The Freedom Highway
Woody’s most famous song, This Land is Your Land is not a paean to romantic on-the-road individualism as is frequently suggested. Such an interpretation leaves behind Woody’s radicalism, explored so powerfully in Kaufman’s book. The song, arguably, was written in response to what Woody saw as Irving Berlin’s jingoistic otherworldly nationalistic anthem “God Bless America.” Woody was interested in the “otherworldly” but of a different sort, i.e. the better “other world” (i.e. socialism) that people should be working to create to replace the current abomination under capitalism. For Woody, “there could be no unearthly solution to earthly problems” (p. 29). He believed that freedom is not something that can be imposed or handed down from above by political, economic, or military elites, or by religious saviors, but something that only comes through organized struggles of working people winning freedom for humanity. Woody noted, “If there were to be a heaven on earth, it was human labor that would build it” (p. 29).
This Land is Your Land is often referred to as “the second national anthem,” both by those who do and do not understand how much it is fundamentally a politically radical protest song directed to inspire “fellow workers.” It can be interpreted properly when one understands that when Woody sings “this land is made for you and me,” he is addressing the working people of the country, the potential One Big Union, the folks who built the country, not the anti-democratic elite minority ownership class who get “fat” on the labor of workers. Woody sings in “I Ain’t Got No Home,” “As I look around, it’s very plain to see, this wide and wicked world is crazy as can be; the banking man is rich, and the workin’ [folks] is poor; I ain’t got no home in this world anymore.” In other words, it is “crazy” because those who carry out the labor to make the country run, “…from California to the New York Islands,” are poor, while those who contribute no real meaningful labor, but exploit wealth from the production of the workers, are rich. And it is crazy still.
“This Land is Your Land,” tells of dispossessed and starving people in a breadline and “…at the relief office” in the midst of plenty, glaring injustices that continue under US capitalism. It critiques the concept of “private property” (i.e. capital and its expansionary and exploitative imperatives) which is a “great high wall” preventing the kind of substantively free, just, equal and democratic society for which Woody hoped, worked, and sang. Crucially, Woody sings that the “great high wall there tried to stop me,” (intimating a failure) but on the other side the signs says “nothin,’” and that side is one for the common good of the common folk, i.e. “the freedom highway,” i.e. socialism, “made for you and me.”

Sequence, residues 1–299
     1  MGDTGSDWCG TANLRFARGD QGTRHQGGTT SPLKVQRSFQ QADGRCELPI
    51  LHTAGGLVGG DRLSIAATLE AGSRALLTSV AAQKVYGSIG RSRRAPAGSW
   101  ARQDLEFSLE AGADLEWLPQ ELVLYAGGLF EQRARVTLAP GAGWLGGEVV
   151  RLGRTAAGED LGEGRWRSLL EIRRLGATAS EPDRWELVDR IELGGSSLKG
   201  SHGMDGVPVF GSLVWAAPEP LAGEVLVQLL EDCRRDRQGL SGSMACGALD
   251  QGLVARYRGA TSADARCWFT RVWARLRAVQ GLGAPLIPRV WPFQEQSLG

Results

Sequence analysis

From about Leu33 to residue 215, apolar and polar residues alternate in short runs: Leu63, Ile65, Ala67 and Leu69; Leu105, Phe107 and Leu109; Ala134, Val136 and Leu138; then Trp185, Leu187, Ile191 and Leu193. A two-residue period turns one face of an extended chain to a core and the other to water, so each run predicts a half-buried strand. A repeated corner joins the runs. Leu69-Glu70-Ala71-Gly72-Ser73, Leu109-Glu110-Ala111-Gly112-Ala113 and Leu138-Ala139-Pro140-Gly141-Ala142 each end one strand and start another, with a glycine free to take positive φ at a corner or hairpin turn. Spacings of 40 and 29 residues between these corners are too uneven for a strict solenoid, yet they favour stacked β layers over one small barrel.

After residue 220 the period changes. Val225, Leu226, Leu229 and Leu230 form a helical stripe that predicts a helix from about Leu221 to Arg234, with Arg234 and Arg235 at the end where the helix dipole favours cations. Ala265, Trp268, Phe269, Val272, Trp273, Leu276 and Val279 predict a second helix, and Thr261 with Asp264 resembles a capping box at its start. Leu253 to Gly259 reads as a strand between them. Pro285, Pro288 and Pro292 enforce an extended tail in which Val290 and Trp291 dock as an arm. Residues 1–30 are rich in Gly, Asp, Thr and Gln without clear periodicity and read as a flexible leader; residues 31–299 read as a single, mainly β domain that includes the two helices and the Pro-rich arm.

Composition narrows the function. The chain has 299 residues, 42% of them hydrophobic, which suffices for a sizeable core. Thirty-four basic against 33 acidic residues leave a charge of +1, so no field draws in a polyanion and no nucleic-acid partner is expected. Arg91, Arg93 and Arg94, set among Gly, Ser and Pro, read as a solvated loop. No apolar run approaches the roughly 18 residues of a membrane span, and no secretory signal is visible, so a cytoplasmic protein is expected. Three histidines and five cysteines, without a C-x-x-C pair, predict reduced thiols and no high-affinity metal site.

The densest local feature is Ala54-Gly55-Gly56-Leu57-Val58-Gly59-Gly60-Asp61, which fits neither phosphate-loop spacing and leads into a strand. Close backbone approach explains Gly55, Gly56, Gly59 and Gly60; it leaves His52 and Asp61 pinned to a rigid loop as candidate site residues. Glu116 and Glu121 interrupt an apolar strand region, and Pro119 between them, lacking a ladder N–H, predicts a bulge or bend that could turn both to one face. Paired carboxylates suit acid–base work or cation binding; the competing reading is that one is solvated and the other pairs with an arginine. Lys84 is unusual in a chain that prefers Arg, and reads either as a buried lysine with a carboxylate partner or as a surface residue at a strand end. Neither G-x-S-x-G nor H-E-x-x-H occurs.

Woody wanted to break down the great high walls of inequality, indignity, and injustice and that is one reason “antiracism was [for him] inextricably linked to the fight against capitalism” and why “he made the connection between the two explicit…throughout his career.”[iv] His hope was that the working people of the world could and would create a world rooted in humanized solidarity, justice, democracy, freedom, and respect for our common, yet individuated, humanity. When the song asks the question “Is this land made for you and me?” the intimated answer is “With so much inequality you cannot have democracy or humanized solidarity, and with so much inequality those with power will make decisions in their interests not the interests of the people, so under the current arrangements it is not run in the interest of the many, but in the interests the few,” i.e. the owners and not the workers, the 1% at the expense of the 99%.
In other words, it is NOT made for you and me under the current arrangement but it should be and will be through ongoing struggle when “the workers organize as a class and take possession of the means of production, abolish the wage system, and live in harmony with the earth.”[v] When Woody sings “and all around me, a voice was calling, this land was made for you and me,” it is the voice of the working people, from the “wheat fields waving,” to the “diamond deserts” to the fog shrouded coasts, to which he refers. One might even hear an echo of Rousseau’s Discourse on Inequality: “the fruits of our labor belong to us; the fruits of the earth belong to everyone; the earth itself belongs to no one.” The song becomes a defiant anthem of resistance to tyranny, inequality, and injustice when it says “Nobody living can ever stop me, as I go walking that freedom highway.” And then adds: “nobody living can make me turn back…” For Woody, “the freedom highway,” meant a society beyond the travesties of inequality, indignity, and injustice under capitalism, and that society was a socialist society strongly grounded in Christian traditions of care, compassion, and concern, and communist traditions of humanized solidarity, mutual support, and substantive democracy.